The hope had been we could all give our health care systems the time and resources to avoid becoming totally overwhelmed. And give medical specialists the time to figure out techniques of curative and not just supportive care for people who get seriously ill. While we eventually develop some effective vaccines. But none of that means that it is or is going to be “ok” to get infected with this virus, now or anytime soon. Even for people who survive or who manage to avoid the worst symptoms, we truly don’t know the long-term damage the virus can cause and long-term impacts on one’s health. I’d like to hope that for many it can be no worse than getting through a bad case of the flu and developing some antibodies. Previous generations developed diseases we now think of as almost quaint - but that sometimes left people with bad hearts, lungs, legs, etc. for life.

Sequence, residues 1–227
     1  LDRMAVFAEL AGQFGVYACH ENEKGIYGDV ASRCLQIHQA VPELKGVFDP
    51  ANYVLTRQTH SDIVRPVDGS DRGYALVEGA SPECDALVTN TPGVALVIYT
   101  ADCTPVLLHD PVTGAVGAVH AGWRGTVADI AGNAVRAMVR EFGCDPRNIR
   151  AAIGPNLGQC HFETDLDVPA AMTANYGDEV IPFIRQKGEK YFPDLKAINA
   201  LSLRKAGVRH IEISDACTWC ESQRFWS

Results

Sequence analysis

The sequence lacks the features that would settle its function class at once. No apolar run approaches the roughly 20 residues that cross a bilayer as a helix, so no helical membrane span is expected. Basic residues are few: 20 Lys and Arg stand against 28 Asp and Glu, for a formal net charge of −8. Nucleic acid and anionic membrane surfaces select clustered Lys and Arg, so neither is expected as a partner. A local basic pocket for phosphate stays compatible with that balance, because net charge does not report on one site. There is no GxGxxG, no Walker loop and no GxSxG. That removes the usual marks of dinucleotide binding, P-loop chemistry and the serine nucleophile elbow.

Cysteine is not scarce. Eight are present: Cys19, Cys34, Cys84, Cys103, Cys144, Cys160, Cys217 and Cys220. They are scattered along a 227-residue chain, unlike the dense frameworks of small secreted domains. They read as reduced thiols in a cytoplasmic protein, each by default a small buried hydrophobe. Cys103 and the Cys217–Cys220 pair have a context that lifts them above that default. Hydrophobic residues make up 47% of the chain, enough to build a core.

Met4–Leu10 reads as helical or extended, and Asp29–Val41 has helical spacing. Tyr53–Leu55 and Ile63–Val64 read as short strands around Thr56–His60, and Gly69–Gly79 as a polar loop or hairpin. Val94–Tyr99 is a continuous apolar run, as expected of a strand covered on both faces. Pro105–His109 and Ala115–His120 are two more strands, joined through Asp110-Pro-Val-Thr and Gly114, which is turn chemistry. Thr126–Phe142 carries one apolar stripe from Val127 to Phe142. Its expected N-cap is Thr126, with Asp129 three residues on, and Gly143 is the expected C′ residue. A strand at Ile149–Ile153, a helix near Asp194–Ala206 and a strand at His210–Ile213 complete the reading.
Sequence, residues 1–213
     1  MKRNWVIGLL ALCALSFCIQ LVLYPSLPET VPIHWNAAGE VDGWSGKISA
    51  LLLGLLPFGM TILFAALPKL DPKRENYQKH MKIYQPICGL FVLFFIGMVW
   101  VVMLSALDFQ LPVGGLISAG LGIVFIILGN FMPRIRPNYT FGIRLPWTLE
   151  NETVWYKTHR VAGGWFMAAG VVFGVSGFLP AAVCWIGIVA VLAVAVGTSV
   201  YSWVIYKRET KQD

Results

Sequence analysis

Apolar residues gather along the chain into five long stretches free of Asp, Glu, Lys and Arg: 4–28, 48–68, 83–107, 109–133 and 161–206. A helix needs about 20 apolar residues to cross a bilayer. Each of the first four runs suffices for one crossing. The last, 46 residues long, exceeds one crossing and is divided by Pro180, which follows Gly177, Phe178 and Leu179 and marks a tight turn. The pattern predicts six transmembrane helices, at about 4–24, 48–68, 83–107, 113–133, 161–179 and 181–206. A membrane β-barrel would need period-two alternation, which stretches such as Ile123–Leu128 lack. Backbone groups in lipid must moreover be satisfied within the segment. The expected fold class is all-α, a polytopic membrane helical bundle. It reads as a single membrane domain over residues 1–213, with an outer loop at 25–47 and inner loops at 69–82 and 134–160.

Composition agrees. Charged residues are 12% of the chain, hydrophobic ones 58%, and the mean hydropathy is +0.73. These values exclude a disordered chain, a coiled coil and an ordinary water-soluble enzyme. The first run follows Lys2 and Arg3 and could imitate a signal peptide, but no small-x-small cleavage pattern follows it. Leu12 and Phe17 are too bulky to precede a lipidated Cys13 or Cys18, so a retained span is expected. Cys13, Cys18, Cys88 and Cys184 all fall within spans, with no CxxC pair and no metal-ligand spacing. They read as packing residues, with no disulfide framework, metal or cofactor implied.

The smartest thing by far is to try and avoid getting this disease in every reasonable way one possibly can. Unfortunately we are not - as a society, as a huge, diverse country with in many ways highly federalized or localized decisionmaking and a strong tradition of questioning government authority - behaving as if avoiding the spread of this disease is much of a priority. So while I try to rejoin public life and work to the extent it’s reasonably safe, I know I will continue to be much more likely to be exposed to people who are infected. Any gap in my ability to avoid infection and I could be one of those many people now re-filling hospital ICUs to capacity. There seems to be this idea that if most people are going to get infected at some point we might as well return to normal life and get it over with. But there is a huge difference in becoming infected before and after doctors know how to effectively treat serious cases. There is a huge difference in risking exposure when most people have had a chance to become vaccinated. We all know how exhausted and overworked doctors and nurses can be on a normal shift. There’s a big difference trying to get effect is care when every OCU is overwhelmed.